Together the studies provide support for a 40-year-old theory in evolutionary biology. The Trivers-Willard hypothesis states that natural selection favors parental investment in daughters when times are hard and in sons when times are easy. The imbalance should be greatest in polygamous societies, in which men can father offspring with multiple wives, such as the Kenyan villages. In those societies, a son can grow to be a strong, popular male with many wives and children, or he can end up with neither. Well-off parents who can afford to invest in sons should do so because their gamble could give them many grandchildren. Conversely, poor parents should not heavily invest in sons because it is unlikely to pay off—their offspring start at the bottom of the socioeconomic ladder. For those families, daughters are a safer bet because as long as they survive to adulthood, they are likely to produce young.
December 10, 2012
Zoologger: The fish with its genitals on its head
The male fish, a Phallostethus cuulong just 2 centimetres long, weaves between drifting vegetation in the sluggish waters of a canal. He closes in on a female, swims alongside her and tries to mate with her.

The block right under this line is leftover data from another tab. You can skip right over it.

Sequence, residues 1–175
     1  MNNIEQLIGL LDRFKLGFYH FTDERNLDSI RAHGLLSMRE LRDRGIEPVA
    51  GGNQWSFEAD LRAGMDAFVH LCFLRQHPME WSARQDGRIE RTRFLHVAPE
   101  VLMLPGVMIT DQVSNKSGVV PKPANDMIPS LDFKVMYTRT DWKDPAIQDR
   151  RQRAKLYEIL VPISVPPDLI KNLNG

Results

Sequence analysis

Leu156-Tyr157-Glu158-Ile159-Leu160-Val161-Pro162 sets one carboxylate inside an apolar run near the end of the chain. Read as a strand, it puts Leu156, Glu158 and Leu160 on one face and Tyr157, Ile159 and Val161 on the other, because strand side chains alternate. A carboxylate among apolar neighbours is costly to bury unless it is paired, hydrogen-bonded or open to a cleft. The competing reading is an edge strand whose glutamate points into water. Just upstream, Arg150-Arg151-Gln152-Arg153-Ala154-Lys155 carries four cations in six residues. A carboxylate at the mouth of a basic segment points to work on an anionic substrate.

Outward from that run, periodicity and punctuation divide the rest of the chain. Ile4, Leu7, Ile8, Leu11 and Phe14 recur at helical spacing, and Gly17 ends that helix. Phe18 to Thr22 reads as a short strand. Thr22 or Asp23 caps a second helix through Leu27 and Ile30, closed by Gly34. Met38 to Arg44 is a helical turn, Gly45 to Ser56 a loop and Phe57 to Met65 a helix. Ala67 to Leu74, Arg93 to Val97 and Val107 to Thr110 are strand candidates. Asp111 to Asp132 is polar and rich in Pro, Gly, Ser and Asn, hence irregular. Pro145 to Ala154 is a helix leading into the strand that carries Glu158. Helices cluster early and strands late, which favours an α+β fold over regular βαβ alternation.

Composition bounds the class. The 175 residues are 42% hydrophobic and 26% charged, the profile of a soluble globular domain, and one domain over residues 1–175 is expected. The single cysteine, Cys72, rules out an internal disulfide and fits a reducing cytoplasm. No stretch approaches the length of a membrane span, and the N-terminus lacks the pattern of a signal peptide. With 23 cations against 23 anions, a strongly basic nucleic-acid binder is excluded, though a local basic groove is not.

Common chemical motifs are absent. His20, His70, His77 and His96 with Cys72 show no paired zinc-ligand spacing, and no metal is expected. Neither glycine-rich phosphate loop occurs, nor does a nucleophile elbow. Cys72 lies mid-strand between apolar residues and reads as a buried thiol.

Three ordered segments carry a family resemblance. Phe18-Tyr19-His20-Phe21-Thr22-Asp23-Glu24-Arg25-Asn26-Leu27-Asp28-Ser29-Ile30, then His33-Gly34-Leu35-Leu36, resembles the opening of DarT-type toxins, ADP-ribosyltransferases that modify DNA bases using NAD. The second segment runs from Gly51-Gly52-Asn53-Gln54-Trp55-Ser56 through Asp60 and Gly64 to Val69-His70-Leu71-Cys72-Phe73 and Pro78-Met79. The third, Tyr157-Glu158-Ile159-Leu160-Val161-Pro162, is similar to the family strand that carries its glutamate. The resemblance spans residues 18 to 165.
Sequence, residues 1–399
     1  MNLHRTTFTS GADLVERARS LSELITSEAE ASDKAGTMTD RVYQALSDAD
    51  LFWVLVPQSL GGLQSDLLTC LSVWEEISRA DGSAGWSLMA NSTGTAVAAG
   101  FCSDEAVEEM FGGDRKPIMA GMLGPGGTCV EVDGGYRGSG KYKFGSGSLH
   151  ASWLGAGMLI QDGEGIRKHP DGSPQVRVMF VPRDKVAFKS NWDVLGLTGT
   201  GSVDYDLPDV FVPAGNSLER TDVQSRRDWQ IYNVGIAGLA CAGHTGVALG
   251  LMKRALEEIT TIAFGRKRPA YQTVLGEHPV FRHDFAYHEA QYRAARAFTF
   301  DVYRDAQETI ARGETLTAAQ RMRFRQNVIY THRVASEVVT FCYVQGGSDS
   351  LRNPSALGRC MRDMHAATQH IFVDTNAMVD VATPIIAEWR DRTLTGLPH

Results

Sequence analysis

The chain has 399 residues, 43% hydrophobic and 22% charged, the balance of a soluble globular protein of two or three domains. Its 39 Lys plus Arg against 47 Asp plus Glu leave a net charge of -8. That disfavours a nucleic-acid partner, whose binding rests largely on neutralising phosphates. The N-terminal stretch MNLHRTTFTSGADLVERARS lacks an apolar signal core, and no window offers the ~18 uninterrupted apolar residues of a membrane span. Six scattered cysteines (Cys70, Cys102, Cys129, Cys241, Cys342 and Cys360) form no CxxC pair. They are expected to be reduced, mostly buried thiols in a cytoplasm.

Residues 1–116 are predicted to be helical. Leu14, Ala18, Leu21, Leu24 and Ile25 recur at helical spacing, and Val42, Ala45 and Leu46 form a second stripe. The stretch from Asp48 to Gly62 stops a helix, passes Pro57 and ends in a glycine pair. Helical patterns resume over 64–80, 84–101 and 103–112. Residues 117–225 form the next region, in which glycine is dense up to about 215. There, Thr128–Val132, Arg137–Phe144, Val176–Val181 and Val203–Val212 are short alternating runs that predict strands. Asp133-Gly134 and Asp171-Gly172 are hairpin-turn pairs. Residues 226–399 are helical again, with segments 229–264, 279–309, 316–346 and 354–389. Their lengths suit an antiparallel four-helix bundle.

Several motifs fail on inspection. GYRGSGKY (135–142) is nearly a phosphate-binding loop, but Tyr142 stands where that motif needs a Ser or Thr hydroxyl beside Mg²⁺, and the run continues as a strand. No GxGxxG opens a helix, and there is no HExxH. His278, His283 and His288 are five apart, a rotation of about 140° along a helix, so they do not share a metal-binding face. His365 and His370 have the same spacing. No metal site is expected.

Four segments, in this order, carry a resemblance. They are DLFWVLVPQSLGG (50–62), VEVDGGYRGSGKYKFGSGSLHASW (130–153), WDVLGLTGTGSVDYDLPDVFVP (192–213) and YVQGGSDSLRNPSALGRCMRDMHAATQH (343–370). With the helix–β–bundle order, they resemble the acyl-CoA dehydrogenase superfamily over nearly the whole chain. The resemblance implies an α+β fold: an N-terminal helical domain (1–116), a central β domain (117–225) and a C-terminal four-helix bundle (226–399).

But to an outside observer, he seems to be doing it wrong. His head is right next to the female’s, but he’s at a 45-degree angle so his rear end is well below hers. Sounds misguided, but actually he’s doing it exactly right – it’s just that his gonads are on his head.
December 7, 2012
Everyone has 400 genetic flaws
Everyone has on average 400 flaws in their DNA, a UK study suggests.
Most are “silent” mutations and do not affect health, although they can cause problems when passed to future generations.
Others are linked to conditions such as cancer or heart disease, which appear in later life, say geneticists.
The evidence comes from the 1,000 Genomes project, which is mapping normal human genetic differences, from tiny changes in DNA to major mutations.
In the study, 1,000 seemingly healthy people from Europe, the Americas and East Asia had their entire genetic sequences decoded, to look at what makes people different from each other, and to help in the search for genetic links to diseases.
All of our genomes contain flaws; some of us will carry deleterious variants but will not be at risk of acquiring the associated disease for one reason or another.”
The new research, published in The American Journal of Human Genetics, compared the genomes of 179 participants, who were healthy at the time their DNA was sampled, with a database of human mutations developed at Cardiff University.
It revealed that a normal healthy person has on average about 400 potentially damaging DNA variations, and two DNA changes known to be associated with disease.
December 6, 2012
Why perceived vocal effort makes certain songs catchier than others